GET INTO GOLF: Help me help you
Get Into Golf has been part of the community for several years. Today, after hundreds of interesting topics and answers to your questions, let’s take it back to the origin or our conversations.
Participants around the globe embrace the game of golf and come to the course for a host of good reasons. The game has a comfortable relationship with words like honor and integrity. There’s no instant replay, no penalty box, and you won’t find a referee with a whistle for the intemperate player. Professional players (with the most at stake) have been known to call a penalty on themselves. Bear in mind that each week a paycheck is not guaranteed, but earned, based on their performance.
Surrounded by beautiful backdrops, no two courses are the same. Cascading water breaks the silence at a cactus filled course in the desert, while ocean waves break against the edge of California’s most famous golf landscape.
If it would do you good to get some exercise or take a long walk, a golf course may be the place. Joined by friends or a new acquaintance, 18 holes at the local course can add up to approximately six miles on your pedometer.
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There are teachers, but there is no master. In fact, if we are willing, the game will teach us. Examples of proficiency abound, but the game is truly enjoyable and useful for players of all skill levels. Golf is local, it is relatively inexpensive, and equipment is produced to fit nearly any budget.
Today, the primary thing keeping us from a wonderful round of golf is in our mind. Are you concerned that you’re not a skilled player? Could you be insecure about saying the wrong thing or making a bad impression? Don’t have the right equipment? Need to play, because it means the next promotion or securing the next big deal?
I am here to help. More than any other sport or game, protocol and decorum is at a premium. Is the sport “stuffy” and “elite” or is the game inclusive? When should we behave like we’re in library and when should we be boisterous as a frat party? I’m sure that there are many misconceptions about the culture of the game and this may prevent or inhibit a certain number of people from playing the game.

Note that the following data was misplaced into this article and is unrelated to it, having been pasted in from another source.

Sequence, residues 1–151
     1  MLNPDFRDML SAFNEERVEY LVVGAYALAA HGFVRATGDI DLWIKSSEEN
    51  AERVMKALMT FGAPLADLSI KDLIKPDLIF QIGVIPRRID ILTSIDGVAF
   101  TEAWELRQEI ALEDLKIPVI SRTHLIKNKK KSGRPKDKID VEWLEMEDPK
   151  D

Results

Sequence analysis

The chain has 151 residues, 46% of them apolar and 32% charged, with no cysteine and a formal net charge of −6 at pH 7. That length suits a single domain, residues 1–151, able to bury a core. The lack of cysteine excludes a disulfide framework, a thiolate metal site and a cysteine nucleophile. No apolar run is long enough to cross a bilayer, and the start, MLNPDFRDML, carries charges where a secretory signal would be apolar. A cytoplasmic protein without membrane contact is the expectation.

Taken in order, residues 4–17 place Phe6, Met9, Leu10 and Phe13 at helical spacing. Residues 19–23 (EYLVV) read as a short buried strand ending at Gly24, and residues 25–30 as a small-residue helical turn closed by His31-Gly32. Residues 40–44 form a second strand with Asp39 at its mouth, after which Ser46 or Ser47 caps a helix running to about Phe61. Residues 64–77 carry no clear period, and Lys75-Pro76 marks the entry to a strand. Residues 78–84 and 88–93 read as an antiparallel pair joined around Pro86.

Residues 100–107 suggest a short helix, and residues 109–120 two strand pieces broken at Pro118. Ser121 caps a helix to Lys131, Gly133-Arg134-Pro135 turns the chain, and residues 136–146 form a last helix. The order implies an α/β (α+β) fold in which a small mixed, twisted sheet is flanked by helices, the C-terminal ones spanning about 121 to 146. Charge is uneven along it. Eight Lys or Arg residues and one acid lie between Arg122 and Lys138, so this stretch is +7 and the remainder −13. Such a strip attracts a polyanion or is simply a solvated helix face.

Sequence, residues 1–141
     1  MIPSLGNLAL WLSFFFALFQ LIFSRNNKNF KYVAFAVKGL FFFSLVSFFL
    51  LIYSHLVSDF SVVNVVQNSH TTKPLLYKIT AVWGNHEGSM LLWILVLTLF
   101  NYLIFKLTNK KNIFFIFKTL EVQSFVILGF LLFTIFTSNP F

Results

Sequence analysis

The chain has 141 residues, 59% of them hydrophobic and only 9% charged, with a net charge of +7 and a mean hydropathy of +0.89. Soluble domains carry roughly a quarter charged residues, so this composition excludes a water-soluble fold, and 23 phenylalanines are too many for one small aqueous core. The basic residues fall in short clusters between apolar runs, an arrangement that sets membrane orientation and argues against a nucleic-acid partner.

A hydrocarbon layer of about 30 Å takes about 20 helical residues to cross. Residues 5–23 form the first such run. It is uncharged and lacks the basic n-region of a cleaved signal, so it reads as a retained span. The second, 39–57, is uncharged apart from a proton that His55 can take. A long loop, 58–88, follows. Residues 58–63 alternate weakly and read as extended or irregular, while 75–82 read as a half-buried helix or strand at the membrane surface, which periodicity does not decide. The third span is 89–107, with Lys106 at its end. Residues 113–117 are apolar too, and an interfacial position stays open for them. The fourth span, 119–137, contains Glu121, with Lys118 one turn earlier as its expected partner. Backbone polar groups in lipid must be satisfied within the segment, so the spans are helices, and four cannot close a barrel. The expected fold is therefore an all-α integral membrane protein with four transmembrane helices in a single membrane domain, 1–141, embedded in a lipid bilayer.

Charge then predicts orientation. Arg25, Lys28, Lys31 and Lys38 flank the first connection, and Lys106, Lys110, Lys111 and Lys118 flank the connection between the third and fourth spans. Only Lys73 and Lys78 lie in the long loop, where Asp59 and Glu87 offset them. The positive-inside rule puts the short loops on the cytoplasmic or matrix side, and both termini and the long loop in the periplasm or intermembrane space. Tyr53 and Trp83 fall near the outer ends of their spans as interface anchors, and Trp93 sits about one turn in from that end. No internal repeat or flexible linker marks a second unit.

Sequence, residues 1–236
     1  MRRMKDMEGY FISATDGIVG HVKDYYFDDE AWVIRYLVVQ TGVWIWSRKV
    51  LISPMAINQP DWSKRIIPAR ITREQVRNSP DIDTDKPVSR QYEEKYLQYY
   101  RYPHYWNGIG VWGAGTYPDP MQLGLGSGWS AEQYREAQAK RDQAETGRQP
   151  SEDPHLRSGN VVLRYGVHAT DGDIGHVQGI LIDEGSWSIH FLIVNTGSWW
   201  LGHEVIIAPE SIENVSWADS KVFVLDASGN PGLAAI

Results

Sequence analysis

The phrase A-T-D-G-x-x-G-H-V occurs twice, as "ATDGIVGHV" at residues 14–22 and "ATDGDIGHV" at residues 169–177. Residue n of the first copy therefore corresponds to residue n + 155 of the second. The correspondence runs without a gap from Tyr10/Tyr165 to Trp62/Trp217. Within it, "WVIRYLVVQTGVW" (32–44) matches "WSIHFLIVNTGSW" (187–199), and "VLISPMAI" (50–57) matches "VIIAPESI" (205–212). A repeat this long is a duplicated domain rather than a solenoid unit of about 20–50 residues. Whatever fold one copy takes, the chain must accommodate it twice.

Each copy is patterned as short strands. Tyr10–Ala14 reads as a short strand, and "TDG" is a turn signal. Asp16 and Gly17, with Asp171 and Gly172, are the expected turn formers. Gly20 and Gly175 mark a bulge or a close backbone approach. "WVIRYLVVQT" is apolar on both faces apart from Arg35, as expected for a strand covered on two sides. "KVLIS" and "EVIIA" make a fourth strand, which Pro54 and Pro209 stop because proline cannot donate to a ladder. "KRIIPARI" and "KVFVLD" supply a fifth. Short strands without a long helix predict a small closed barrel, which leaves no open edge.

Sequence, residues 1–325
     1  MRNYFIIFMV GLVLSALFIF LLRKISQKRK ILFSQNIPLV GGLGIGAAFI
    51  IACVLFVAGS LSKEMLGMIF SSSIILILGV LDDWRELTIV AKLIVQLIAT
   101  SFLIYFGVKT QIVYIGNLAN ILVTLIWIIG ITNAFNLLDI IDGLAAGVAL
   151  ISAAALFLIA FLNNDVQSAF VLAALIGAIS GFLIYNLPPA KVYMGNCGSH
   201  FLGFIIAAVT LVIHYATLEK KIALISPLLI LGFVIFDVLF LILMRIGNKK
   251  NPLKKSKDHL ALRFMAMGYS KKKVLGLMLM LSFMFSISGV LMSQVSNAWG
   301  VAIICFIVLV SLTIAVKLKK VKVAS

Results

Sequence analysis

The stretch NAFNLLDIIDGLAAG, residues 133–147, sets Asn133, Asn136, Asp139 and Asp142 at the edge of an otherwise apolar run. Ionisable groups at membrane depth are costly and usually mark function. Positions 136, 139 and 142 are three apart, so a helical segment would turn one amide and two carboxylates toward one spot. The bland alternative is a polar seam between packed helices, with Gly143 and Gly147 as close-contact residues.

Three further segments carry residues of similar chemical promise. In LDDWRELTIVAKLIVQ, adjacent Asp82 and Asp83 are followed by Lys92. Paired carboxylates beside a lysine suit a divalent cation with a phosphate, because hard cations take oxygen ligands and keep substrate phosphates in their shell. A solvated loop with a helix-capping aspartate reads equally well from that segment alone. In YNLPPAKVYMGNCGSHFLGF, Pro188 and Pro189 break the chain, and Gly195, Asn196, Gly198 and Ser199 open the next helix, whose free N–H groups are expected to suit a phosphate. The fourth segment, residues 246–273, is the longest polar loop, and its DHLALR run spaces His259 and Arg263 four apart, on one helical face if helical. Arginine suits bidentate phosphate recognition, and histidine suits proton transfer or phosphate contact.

This column is designed to be interactive. Shoot an e-mail over and ask a question about your game or about the game.
We’ll discuss the things that will help you to get on your friend’s speed-dial or favorite list. Many of these issues will be behavioral, but a good number of them will about today’s global issues in the game. Is it possible that a teenage girl could compete with the best players in the world? Should the top players create a new “World Golf Tour?” When do I need lessons and, if so, from whom? Can I hit a sand wedge off the grass? How do I get a starting time at the Augusta National Golf Club?
We’ll also talk about your golf swing. There is no hidden secret to developing a good golf swing. Yet, a great many players (both beginners and veterans) spend numerous hours or years waiting for a comment, suggestion, or tip that will change their game for the better.
However, good players rely on a foundation of tried and true principles. Both for mind and body, we can build and develop the motions and the mindset that will result in a game of golf that will be enjoyed for a lifetime.
So, help me help you. Send your question, comments, and opinions to me at firstname.lastname@example.org. Then look for the answers or suggestions in this column week to week. Golf is the greatest game. No one knows exactly where or when it started, but we do know it has been played for hundreds of years. For over 20 years I have played this grand game and I look forward to lending my assistance. Because among what I have learned, I know this; a good game is much more than a good swing.
John Renslow is a PGA Professional, VP of Yugi Golf Management, and provides golf instruction at local courses.
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